On the other hand, after dispensing of Martinez it will be no surprise to hear that Everton have tightened up at the back this season (top-right) compared to last season (bottom-right), particularly between 61-90+ minutes. In fact Koeman’s side are yet to concede a home goal in this period (top-right), whereas last season they conceded most of their home goals (0.39) in that spell. United will be fully aware of Everton’s stronger defensive performance this season, and if they don’t take advantage when they average 0.31 goals in the second half (between 61-75’), then it probably doesn’t bode well for the rest of the match, as they average 0 away goals between 76 and 90 minutes (top-right)!
Having said that, Mourinho’s men are getting back into the habit of scoring added time goals. Last season under Van Gaal, they averaged 0 added time goals away from home (bottom-right), whereas so far this season they are averaging just shy of 0.2 (top-right), which is slightly better than the league average. With a reasonable Total Goals line set at 2.5 and an Asian Handicap of -0.5 to the visitors, this one looks likely to be pretty tight in the first 30 minutes especially, but there may be some action to be had from there if it remains 0-0.
Given the data, it looks like we could have some late goals on the cards this weekend. In particular there could be drama at the London Stadium if it stays tight, with Arsenal favoured to snatch it, while in the big contest Chelsea seem more capable of grabbing a late winner or equaliser depending on the game state.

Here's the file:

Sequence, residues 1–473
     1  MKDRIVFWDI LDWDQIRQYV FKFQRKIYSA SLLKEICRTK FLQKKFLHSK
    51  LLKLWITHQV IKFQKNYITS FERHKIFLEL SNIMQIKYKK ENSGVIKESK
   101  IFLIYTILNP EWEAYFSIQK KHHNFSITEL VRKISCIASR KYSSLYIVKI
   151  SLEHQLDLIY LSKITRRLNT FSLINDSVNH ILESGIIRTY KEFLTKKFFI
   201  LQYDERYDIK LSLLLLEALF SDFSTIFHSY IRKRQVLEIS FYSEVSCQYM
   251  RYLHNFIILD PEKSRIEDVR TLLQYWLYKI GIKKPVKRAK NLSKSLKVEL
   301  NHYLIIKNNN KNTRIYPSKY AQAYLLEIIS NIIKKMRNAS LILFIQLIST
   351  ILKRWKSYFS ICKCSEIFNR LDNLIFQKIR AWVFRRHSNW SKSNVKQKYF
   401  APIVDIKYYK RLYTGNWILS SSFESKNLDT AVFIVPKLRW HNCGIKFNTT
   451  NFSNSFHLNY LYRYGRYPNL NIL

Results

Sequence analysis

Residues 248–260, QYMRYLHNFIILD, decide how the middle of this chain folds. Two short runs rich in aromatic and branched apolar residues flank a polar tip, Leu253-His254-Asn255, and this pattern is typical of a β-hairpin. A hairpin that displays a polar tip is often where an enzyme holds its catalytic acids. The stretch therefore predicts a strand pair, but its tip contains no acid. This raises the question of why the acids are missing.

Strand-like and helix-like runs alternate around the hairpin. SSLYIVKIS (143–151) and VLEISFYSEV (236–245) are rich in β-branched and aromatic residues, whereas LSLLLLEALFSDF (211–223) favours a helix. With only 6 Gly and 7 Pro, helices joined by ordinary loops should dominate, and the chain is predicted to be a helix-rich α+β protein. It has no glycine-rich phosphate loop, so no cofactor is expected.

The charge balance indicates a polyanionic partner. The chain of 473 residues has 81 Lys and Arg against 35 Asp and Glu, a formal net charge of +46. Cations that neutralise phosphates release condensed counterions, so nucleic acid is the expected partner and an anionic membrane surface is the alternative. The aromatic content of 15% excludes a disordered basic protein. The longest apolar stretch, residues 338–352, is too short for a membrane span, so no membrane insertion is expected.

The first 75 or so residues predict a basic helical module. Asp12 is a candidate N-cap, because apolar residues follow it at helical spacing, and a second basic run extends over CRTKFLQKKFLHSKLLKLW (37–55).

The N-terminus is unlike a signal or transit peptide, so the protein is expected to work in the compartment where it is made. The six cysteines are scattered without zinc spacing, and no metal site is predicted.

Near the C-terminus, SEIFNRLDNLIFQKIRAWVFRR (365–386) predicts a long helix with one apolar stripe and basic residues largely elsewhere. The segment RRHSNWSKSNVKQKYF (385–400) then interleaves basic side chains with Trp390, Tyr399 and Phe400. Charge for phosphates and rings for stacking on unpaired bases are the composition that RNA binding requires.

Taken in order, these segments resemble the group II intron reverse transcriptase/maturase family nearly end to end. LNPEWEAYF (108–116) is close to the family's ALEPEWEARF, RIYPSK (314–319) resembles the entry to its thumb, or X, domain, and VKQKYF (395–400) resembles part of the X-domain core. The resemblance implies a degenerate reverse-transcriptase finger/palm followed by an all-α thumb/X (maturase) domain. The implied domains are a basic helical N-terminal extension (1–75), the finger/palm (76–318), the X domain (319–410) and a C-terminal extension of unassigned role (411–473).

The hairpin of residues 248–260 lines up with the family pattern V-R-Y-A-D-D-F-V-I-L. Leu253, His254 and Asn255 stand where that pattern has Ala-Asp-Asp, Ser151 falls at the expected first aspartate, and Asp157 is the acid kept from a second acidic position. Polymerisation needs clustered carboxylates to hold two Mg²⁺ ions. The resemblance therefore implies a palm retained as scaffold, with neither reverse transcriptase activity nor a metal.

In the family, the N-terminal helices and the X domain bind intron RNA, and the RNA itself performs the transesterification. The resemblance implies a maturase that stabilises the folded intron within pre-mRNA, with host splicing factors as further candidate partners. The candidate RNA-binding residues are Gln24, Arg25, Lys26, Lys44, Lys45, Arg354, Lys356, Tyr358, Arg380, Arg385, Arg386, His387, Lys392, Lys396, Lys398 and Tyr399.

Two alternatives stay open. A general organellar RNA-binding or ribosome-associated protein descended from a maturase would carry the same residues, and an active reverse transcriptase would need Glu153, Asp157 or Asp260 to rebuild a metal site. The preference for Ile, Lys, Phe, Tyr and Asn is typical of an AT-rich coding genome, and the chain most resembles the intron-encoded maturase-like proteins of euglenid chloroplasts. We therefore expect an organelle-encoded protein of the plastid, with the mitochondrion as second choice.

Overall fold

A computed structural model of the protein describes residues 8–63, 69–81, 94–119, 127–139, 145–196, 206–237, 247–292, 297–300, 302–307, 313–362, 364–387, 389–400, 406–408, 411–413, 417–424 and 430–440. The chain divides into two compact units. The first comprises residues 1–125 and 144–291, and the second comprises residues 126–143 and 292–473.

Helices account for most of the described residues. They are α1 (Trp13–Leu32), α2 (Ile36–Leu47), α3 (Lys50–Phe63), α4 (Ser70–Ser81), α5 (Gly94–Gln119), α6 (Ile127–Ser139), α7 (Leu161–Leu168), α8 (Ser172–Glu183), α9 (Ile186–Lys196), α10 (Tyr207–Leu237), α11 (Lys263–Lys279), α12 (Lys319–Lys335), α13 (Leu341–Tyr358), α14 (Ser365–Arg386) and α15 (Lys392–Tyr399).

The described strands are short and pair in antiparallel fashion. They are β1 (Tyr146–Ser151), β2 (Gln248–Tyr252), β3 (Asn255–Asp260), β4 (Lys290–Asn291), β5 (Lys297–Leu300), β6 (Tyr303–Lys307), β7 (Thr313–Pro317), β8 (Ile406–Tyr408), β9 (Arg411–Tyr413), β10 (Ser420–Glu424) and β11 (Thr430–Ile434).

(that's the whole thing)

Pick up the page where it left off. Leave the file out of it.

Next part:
Elsewhere Liverpool need to be wary of Bournemouth’s attacking talent throughout the game and an Over 2.75 trade looks good here. The Reds are already conceding too many goals for Klopp’s liking, being consistently equal to or greater than than the league average in the first half, with a spike in goals conceded between 61 and 75 minutes. Bournemouth’s scoring powers appear to peak in the segment after that (76-90mins), which means the rate of scoring should be consistently high for the entire contest.
Ultimately, Tottenham’s attacking talent throughout the game should see them through, but they will probably need to get into a +2 game state, as Swansea may be able to steal a late away goal based on past data. Finally, Everton look most likely to win it between 61 and 75 minutes, where they could take advantage of Man United’s weakest defensive period in a game.
So I hope that StrataData has helped you to see where some in-play opportunities might exist in this weekend’s Premier League fixtures. In a future post I plan to expand this analysis by incorporating game state behaviours, while also looking at when teams are most likely to win and concede corners, or create and give away chances.
Until next time!
Sagar Jilka (@DrSagarJilka)